Celebrating Coeducation at Manhattan College
As the nation celebrates Women’s History Month, we take a look back at the history of women at Manhattan College. The College officially welcomed women during the 1973-74 academic year, though assorted programs for women have been available since the 1920s.
Watch a video featuring alumnae discussing their experience at Manhattan:
1928: Extension Division for Sisters Established
In 1928, Manhattan College established a special program known as the Extension Division for Sisters, which offered teacher training for nuns who went on to teach in Catholic schools throughout the tri-state area. As a result of this program, more than a thousand religious women earned Bachelor of Arts degrees from Manhattan.
1957: First Female Faculty Member Hired
The first woman faculty member was Leonora Mirone, Ph.D., an associate professor of chemistry who joined the faculty in 1957. From 1962-66, her research on the causes of alcoholism led to awards totaling $70,000 in grant funds (a huge sum in the mid-1960s!).
1959: Women Admitted to Graduate Programs
Women were admitted to the graduate programs starting in 1959. The graduate programs included classics, education, English, French, history, mathematics, theology and the Evening Division, which was essentially the School of Business graduate program.
1964: Cooperative Coed Program with Mount St. Vincent Established
In the spring of 1964, Manhattan College established a collaborative program with neighboring women’s college, the College of Mount St. Vincent. This arrangement included an exchange of students in selected courses and the sharing of certain facilities such as classrooms, library, gym, art studios and science labs.
1969: First Undergraduate Degree Awarded to a Laywoman
Patricia Ruback Kehrberger ’69 was the first laywoman to earn a degree at Manhattan College. Kerhberger took all of the coursework for her civil engineering degree at Manhattan after her high school principal spoke with the Manhattan College president, who agreed to allow Kerhberger to study engineering at the College.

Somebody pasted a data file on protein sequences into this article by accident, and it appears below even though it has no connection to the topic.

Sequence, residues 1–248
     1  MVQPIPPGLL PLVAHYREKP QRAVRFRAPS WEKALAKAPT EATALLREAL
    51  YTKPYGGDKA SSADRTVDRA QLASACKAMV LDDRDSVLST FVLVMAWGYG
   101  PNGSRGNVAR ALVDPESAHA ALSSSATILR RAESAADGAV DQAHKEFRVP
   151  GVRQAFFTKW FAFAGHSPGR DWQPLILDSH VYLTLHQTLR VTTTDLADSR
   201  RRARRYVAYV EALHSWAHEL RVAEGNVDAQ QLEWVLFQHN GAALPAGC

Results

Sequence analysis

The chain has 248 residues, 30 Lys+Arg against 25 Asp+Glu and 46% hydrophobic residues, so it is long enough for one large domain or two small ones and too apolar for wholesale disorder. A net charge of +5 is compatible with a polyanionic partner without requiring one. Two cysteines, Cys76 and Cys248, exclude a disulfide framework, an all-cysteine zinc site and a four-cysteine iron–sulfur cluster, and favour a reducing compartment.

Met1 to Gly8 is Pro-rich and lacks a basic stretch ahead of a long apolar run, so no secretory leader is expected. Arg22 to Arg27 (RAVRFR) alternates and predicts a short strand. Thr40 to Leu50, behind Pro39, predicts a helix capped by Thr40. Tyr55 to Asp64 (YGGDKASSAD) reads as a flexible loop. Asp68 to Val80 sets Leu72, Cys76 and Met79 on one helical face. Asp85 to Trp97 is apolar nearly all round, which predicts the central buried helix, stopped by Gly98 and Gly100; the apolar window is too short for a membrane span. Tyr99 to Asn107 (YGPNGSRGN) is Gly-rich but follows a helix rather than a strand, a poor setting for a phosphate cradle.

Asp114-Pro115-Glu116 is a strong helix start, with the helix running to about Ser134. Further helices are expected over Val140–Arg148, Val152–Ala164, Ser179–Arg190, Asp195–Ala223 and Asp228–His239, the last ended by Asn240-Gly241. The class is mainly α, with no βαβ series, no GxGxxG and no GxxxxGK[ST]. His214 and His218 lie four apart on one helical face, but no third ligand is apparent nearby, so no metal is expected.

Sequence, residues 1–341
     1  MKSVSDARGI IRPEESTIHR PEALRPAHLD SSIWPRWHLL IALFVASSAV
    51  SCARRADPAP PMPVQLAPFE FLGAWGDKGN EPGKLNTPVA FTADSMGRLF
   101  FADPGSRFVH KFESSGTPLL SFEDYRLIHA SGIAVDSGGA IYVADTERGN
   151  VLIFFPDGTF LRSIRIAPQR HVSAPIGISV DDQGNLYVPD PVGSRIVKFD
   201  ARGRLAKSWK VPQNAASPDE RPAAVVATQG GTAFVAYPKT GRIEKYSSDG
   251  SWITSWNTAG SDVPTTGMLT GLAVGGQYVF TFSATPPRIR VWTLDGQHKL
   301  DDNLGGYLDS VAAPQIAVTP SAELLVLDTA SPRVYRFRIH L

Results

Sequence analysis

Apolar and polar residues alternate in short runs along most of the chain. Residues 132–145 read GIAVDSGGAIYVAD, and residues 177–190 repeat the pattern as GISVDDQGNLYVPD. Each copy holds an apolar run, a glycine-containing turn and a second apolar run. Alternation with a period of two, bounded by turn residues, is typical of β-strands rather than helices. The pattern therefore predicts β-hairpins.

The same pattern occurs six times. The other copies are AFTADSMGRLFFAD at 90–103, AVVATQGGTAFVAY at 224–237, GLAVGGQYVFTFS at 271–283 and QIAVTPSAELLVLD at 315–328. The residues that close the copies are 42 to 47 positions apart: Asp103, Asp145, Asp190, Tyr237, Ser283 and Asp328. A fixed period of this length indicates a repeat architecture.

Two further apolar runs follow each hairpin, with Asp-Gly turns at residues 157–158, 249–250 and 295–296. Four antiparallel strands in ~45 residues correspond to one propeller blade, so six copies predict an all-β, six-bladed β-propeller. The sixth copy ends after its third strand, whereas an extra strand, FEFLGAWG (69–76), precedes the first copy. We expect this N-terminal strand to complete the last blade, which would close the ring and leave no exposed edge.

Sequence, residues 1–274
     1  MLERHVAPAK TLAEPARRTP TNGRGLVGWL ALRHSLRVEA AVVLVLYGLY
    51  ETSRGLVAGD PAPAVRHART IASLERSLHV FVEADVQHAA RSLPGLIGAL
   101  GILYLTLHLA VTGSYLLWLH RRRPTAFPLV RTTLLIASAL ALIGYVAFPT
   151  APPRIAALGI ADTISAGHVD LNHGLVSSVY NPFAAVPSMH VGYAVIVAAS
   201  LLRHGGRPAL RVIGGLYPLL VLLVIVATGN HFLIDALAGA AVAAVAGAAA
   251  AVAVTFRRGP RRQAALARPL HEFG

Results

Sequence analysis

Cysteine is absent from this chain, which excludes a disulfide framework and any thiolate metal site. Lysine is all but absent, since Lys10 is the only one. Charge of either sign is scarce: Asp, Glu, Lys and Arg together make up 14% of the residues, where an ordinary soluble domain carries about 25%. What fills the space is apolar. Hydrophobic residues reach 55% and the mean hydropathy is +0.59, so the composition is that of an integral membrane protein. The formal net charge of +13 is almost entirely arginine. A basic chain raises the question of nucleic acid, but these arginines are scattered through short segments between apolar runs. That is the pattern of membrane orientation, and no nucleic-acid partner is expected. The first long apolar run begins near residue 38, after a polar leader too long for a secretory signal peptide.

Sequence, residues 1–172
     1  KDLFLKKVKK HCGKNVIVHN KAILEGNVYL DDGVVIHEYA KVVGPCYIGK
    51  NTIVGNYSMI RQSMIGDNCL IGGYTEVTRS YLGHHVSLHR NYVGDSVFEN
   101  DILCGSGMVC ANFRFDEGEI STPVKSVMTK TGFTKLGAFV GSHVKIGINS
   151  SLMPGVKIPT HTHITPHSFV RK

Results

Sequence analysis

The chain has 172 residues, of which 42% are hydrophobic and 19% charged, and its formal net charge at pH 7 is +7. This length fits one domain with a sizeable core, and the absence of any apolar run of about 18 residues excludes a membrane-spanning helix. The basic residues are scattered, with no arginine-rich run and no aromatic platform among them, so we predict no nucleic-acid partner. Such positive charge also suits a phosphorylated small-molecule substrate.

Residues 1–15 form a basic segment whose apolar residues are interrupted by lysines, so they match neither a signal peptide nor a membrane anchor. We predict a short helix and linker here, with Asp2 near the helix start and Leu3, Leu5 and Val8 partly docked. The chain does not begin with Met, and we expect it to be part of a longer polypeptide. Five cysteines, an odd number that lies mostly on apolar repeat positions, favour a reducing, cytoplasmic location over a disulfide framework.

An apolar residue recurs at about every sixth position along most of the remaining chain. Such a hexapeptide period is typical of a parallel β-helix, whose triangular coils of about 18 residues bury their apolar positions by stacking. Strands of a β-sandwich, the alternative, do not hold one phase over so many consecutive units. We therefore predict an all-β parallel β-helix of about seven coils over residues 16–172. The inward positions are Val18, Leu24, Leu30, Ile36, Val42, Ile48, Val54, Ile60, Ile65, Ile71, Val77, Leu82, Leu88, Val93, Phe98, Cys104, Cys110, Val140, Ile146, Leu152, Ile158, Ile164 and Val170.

1971: First Female Member Elected to Board of Trustees
Marie McGovern, former teacher and wife of the former chancellor of The University of the State of New York, was the first woman to be elected to the Manhattan College Board of Trustees. She served from 1971 to 1982.
1973: Manhattan College Officially Becomes a Coeducational Institution
Women are officially admitted into Manhattan College starting in the fall of 1973. In the spring semester, Marybeth McCall becomes the first woman tapped for Pen & Sword, Manhattan’s most prestigious honor society.
1975: First Female Athletic Programs Are Established
Women’s basketball was established on campus as a club sport. Leading the charge in creating the team was Kathleen McCarrick-Weiden ’79, a freshman who worked to recruit players, coaches and a club moderator. In 1978, the women’s basketball team was promoted to varsity status.
Since women gained traction in athletic programming, their overall enrollment and campus influence followed. Today more than 1,600 women are enrolled at Manhattan College, and they hold positions ranging from student body president to editor-in-chief of the student newspaper.